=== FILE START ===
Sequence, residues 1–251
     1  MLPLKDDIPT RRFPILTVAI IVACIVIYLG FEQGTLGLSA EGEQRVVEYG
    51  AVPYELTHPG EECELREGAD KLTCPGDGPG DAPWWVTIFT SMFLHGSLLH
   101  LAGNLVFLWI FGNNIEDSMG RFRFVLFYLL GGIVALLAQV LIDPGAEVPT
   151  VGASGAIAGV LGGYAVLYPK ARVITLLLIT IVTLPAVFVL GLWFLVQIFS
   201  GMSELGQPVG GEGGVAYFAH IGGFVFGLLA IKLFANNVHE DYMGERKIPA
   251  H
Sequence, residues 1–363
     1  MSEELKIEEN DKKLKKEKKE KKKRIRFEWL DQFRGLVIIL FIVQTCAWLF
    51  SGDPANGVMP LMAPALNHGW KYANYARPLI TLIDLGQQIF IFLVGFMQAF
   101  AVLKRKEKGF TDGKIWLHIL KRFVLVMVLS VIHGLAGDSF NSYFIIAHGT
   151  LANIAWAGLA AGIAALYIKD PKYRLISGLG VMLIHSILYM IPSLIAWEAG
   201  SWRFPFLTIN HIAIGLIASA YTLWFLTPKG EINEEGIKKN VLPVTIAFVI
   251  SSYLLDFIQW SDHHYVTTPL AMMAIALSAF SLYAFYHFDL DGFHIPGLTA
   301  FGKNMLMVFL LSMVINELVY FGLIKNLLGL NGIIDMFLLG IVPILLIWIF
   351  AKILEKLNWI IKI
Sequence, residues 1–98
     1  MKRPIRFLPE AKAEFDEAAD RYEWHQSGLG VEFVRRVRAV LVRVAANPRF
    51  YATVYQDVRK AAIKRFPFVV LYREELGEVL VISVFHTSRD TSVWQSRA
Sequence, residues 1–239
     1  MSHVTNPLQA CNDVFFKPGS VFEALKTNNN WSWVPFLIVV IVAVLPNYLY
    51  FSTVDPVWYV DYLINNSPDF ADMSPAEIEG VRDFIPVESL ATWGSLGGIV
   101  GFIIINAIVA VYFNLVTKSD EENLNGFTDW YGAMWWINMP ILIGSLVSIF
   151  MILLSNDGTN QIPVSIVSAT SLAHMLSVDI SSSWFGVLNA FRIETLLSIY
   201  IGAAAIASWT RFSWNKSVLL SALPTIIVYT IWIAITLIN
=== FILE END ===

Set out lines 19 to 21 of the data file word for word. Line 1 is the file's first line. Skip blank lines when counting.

    51  YATVYQDVRK AAIKRFPFVV LYREELGEVL VISVFHTSRD TSVWQSRA
Sequence, residues 1–239
     1  MSHVTNPLQA CNDVFFKPGS VFEALKTNNN WSWVPFLIVV IVAVLPNYLY